Universities and the arms trade

Campaign Against the Arms Trade's Tim Street on the links between British universities and arms comp

In recent months, students and staff across the UK have been lobbying their universities to sell their shares in arms companies and invest ethically.

When University College London students discovered that their university had £900,000 invested in Cobham (which manufactures components for Hellfire missiles- used widely in both Afghanistan and Iraq)they formed Disarm UCL in order to bring this relationship to an end.

In a meeting with student campaigners, UCL Provost Malcolm Grant received a petition signed by over 1,200 UCL students, staff and alumni calling for UCL to ditch the arms shares. Such overwhelming support for the campaign led him and UCL Council to announce that the university would invest its money ethically.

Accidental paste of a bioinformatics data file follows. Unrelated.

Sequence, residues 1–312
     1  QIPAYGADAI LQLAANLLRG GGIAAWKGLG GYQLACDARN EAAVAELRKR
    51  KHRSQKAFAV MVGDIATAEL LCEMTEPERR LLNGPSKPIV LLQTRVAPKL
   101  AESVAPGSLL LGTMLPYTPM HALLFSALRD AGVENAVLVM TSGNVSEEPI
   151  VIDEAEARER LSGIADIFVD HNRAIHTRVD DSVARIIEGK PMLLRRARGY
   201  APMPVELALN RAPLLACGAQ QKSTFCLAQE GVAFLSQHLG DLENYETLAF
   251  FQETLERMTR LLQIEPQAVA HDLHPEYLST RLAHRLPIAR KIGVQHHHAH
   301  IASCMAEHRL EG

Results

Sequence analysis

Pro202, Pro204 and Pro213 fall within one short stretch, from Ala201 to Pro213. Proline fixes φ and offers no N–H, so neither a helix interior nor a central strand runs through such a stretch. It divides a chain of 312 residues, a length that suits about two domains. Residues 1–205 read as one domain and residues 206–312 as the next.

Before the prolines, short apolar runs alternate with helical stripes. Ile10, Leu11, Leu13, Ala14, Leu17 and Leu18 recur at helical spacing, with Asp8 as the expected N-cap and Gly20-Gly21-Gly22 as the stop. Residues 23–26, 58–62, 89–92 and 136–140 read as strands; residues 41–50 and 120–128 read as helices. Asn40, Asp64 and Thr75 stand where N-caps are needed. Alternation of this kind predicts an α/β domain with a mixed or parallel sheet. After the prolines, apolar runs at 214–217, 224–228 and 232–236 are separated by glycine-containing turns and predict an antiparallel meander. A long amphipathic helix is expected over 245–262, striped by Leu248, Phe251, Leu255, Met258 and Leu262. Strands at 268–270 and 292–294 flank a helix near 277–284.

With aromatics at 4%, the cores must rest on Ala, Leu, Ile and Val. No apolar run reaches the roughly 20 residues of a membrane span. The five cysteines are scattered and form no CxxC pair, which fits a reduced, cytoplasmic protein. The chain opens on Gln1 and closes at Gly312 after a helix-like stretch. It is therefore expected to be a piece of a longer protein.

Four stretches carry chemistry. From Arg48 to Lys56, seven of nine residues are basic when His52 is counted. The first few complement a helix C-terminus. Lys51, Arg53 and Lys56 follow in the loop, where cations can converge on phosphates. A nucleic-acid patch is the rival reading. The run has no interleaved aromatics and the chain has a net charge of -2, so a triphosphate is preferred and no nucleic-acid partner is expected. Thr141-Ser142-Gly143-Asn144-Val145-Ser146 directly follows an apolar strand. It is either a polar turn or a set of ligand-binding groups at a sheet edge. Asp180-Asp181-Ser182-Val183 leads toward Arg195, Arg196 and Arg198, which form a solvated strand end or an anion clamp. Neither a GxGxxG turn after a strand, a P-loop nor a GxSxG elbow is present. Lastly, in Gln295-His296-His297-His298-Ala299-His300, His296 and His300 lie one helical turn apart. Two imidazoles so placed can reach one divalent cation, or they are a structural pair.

UCL is by no means the first university to recognize the importance of ethical investment.

Campaigners at Manchester University held die-ins and other high-profile events, culminating in 300 students passing a Union motion for ethical investment. This has led to the university engaging directly with students concerning the future of university finances.

Furthermore, protests, petitions and student journalism have caused SOAS, Bangor (University of Wales), St Andrews and Goldsmiths to take real steps towards ending their financial ties with arms companies.

Progress towards transparency and accountability on campus has occurred because activists have used persuasive moral and financial arguments to explain why investing in the arms trade is unnecessary and wrong.